Topics — Emotions

At first glance, the term “emotions” seems simple. In fact, many people even conflate it with “feelings.” But what does the term actually mean, and is it as simple as we tend to think?

However, emotions play a central role in human lives and relationships and, for many people, form a pillar of human experience. They can run the gamut between positive and negative, and they ultimately influence—to some extent—most people’s overall health and well-being.1

Emotions also have the potential to affect the decisions we make. As a result, much can be gained by cultivating a better understanding of what emotions are in general and how they shape individual lives in particular.

One key to developing healthy and resilient approaches to processing emotions is called emotion regulation.

References

  1. Fredrickson, B. L., & Joiner, T. (2002). Positive emotions trigger upward spirals toward emotional well-being. Psychological Science, 13(2), 172–175. https://doi.org/10.1111/1467-9280.00431

All Articles on Emotions

  • Photo by Carli Jeen on Unsplash (article on emotional self-care)
    Self-Care

    Emotional Self-Care: Importance, Benefits, Practices

    Emotional self-care can encompass any actions you take to cope with stress, express emotions, and foster positive feelings about life.

  • Photo by Priscilla Du Preez on Unsplash (article on dog depression)
    Animals

    Dog Depression: Symptoms, Causes, Treatments

    Dogs with depression can exhibit similar symptoms to humans with depression. Learning more about dog depression may enable you to help your pet receive effective treatment if necessary.

  • Photo by Cristian Newman on Unsplash (article on happiness)
    Emotions

    On Happiness, Positive Emotions, and a Meaningful Life

    The term happiness can encompass well-being, health, human flourishing, eudaemonia, hedonism, subjective well-being, psychological well-being, contentment, and more.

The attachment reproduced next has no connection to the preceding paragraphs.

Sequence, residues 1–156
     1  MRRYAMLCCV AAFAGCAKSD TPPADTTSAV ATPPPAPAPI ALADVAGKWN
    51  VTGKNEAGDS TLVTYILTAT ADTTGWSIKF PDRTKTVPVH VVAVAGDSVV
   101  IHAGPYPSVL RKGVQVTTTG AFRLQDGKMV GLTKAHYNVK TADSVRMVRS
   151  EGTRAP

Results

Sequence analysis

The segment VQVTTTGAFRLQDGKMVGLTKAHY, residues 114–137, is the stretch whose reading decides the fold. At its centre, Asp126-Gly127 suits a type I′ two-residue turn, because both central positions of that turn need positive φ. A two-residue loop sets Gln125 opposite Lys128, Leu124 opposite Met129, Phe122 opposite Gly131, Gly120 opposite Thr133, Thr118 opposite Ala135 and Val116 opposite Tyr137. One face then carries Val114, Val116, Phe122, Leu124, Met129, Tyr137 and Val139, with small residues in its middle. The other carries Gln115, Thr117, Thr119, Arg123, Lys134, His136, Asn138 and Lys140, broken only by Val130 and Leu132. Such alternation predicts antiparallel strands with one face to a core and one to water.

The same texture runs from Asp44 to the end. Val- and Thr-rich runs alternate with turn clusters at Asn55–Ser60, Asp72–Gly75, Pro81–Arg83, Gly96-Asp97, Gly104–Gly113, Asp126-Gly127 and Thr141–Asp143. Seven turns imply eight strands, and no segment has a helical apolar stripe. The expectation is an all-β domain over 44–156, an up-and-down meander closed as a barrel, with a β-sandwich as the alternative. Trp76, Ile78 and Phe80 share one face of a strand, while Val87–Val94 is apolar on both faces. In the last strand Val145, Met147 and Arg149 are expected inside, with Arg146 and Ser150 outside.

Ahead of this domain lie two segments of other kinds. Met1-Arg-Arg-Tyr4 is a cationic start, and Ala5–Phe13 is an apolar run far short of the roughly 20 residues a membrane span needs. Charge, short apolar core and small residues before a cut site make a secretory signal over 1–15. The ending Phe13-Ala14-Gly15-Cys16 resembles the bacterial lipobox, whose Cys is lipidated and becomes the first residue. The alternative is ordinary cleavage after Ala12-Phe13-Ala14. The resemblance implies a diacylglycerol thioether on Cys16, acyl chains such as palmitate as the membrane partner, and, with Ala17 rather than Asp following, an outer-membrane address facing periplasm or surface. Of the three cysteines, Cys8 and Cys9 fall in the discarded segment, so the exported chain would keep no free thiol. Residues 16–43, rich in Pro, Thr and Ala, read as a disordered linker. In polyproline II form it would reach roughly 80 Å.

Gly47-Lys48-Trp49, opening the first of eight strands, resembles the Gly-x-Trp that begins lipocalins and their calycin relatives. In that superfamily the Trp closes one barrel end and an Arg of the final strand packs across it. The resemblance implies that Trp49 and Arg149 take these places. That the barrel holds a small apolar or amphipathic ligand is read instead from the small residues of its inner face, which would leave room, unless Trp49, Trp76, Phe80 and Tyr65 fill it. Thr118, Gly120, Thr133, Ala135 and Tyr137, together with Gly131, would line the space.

• Photo by Adrian Swancar on Unsplash (article on disgust)
    Emotions

    On Disgust

    According to the APA, disgust is defined as a strong aversion toward a smell, touch, person, or behavior that is considered “morally repugnant” to the person experiencing disgust. Although disgust might have first evolved for beneficial reasons, it can also have downsides—particularly when it is extreme, occurs in inappropriate circumstances, or interrupts daily functioning.

  • Fontainebleau Forest, early 1860s, Eugène Cuvelier, Public domain, Met museum (article on fear)
    Emotions

    On Fear

    Fear, a human emotion prompted by distress, involves somatic and affective responses to physical, emotional, and real or imagined psychological threats. Some psychological fears are related to uncertainty, failure, pain, criticism, death, and mistakes.

  • Study of a King Rodolphe Bresdin French, Met Museum, Public domain (article on Guilt)
    Emotions

    On Guilt

    The American Psychological Association (APA) defines guilt as a “self-conscious emotion” denoted by a “painful appraisal of having done (or thought) something that is wrong.” It also notes that such emotion can inspire people to reverse or compensate for perceived wrongdoing.

  • Artwork of woman in thought
    Emotions

    On Sadness

    Sadness, according to the American Psychological Association, is “an emotional state of unhappiness, ranging in intensity.” Although sadness often has negative connotations, it can have positive effects in moments of need.

  • Flower Clouds, 1903, Odilon Redon (article on emotions)
    Humanness and Emotions

    Emotions: The What, Where, and How

    Emotions play a central role in human lives and relationships and, for many people, form a pillar of human experience. Much can be gained by cultivating a better understanding of what emotions are in general and how they shape individual lives in particular.

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